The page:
Ramin added why this new approach is vital for biotech founders to embrace.
“The agencies are very interested in this, and they engage with the patients. They engage with patient advocacy groups to have a better understanding of their perspective. What do they think? What is their voice? And it’s not unheard of that the agencies reach out to them and have a conversation with them and get their input.”
Across the board, Kim, Ramin, and Kate all agreed that it’s paramount to think about what patients will experience and go through. Some biotechs even have a CPO: Chief Patient Officer.
This quote from Ramin drove this point home. “It makes a huge difference if you start thinking about that early on, even as early as your pre-preclinical studies, the animal studies. Maybe your entire focus is not on the patient yet, but at least you want to start thinking about ‘if things will work out, what would be the meaning and impact for the patients?’”
Putting themselves in the patient seat, a powerful exercise took place. Each was challenged to recall mid-interview the last “delightful” experience they personally had in healthcare. Their answers and the stats they shared about clinical trial costs and dropout rates will surprise you. Listen in for those details.
Other Ways To Learn What “Good” Looks Like
If the value story is so critical and yet equally as challenging to clarify–where else can biotech founders look to pick up ideas? Kim says there’s a lot to be learned from Europe.
“Value in Europe is not just ‘dollar for dollar value,’ but if you’re showing similar outcomes, which ones are going to have a better outcome for the patient? Which ones do patients prefer?”
Bringing this full circle, Luminopia also provides ideas as well. They were creative in their story due to the lack of innovation and being one of the first FDA-approved virtual reality modalities.
The word “creative” inspired Kate to share another paradigm shift she has witnessed firsthand. “We’re now in a position to start implementing really core patient impact initiatives early on in the development cycle, and that really shows how the industry has shifted over the last decade or so.”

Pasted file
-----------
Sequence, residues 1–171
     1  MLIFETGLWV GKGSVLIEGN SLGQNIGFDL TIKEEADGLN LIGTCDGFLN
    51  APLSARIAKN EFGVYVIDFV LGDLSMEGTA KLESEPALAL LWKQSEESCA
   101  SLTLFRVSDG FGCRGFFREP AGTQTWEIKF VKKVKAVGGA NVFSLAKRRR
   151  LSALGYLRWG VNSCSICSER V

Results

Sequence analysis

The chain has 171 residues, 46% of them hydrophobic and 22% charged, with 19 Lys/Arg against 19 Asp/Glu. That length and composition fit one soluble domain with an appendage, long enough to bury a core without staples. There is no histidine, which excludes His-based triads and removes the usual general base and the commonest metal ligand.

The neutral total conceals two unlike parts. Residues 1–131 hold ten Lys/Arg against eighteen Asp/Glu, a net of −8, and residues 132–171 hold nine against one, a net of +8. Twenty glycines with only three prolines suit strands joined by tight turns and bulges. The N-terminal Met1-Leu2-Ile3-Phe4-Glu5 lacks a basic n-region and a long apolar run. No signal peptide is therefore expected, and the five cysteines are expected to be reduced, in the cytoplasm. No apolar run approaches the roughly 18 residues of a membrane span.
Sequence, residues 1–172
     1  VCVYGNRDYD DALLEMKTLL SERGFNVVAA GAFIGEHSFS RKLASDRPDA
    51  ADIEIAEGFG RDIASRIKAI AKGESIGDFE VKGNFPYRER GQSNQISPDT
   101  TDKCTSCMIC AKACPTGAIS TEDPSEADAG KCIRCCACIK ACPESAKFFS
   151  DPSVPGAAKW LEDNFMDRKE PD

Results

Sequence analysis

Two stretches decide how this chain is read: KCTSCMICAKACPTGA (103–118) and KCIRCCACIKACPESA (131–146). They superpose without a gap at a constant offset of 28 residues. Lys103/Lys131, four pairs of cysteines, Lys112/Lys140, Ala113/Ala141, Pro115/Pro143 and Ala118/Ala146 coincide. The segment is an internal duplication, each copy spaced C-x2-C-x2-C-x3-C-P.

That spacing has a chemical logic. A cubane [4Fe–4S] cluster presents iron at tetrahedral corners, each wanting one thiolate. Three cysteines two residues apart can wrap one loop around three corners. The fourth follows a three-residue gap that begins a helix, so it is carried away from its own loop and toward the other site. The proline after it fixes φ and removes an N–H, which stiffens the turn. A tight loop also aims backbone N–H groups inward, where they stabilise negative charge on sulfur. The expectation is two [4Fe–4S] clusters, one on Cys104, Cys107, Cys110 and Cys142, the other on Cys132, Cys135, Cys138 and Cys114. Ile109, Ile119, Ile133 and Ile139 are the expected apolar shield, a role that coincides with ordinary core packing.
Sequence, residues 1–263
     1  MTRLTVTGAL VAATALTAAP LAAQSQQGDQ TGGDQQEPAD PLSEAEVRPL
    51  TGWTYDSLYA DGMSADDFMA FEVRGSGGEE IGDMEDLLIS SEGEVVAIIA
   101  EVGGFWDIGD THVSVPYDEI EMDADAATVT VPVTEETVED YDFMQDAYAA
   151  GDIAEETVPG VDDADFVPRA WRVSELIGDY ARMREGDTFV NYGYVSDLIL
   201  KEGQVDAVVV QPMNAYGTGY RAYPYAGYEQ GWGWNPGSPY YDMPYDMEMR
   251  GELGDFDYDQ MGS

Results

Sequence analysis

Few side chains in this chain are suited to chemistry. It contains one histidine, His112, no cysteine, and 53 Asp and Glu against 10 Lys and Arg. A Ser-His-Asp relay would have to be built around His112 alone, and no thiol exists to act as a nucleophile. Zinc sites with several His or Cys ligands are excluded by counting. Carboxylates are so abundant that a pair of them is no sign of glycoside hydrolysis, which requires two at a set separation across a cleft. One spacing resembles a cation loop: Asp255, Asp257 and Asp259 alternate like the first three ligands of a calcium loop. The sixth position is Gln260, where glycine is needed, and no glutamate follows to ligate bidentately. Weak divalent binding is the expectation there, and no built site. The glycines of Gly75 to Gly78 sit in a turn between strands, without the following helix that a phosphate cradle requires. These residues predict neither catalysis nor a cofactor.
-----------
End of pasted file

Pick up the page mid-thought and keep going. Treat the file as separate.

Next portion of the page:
Adding to why Luminiopia’s value story was so different stemmed from their diverse industry backgrounds. Ramin pointed out how their unique, non-traditional backgrounds, aka non-medical, actually thwarted them from the default habit of talking about “bringing another pharmaceutical to market” and instead served as a catalyst for them to be inherently patient-centric.
Kate pointed out that this theme of innovation and embracing new ways to achieve better outcomes has been a core theme of the podcast.
“What we seem to get to every time, no matter the discipline or the modality, is that there needs to be a sense of creativity and a lack of feeling hindered by whatever the precedent before you was.”
Those words serve as a rallying cry to help emerging biotech founders from all professional backgrounds–research, pharma, and tech–
think about various aspects of biotech management that are outdated and ripe for change.
To close out the show, Kim posed this question to Ramin and Kate, but we’ll share it with you, too: “What would we do if we could really think about the patient first? And how would we innovate if we weren’t limited by the questions that were typically operating under, you know, the prior experiences that we’ve all had?”
We welcome your answers in the comments below.
Want to pick up more ideas specific to innovation? Check out this Episode on DIgital Lead biotech strategies.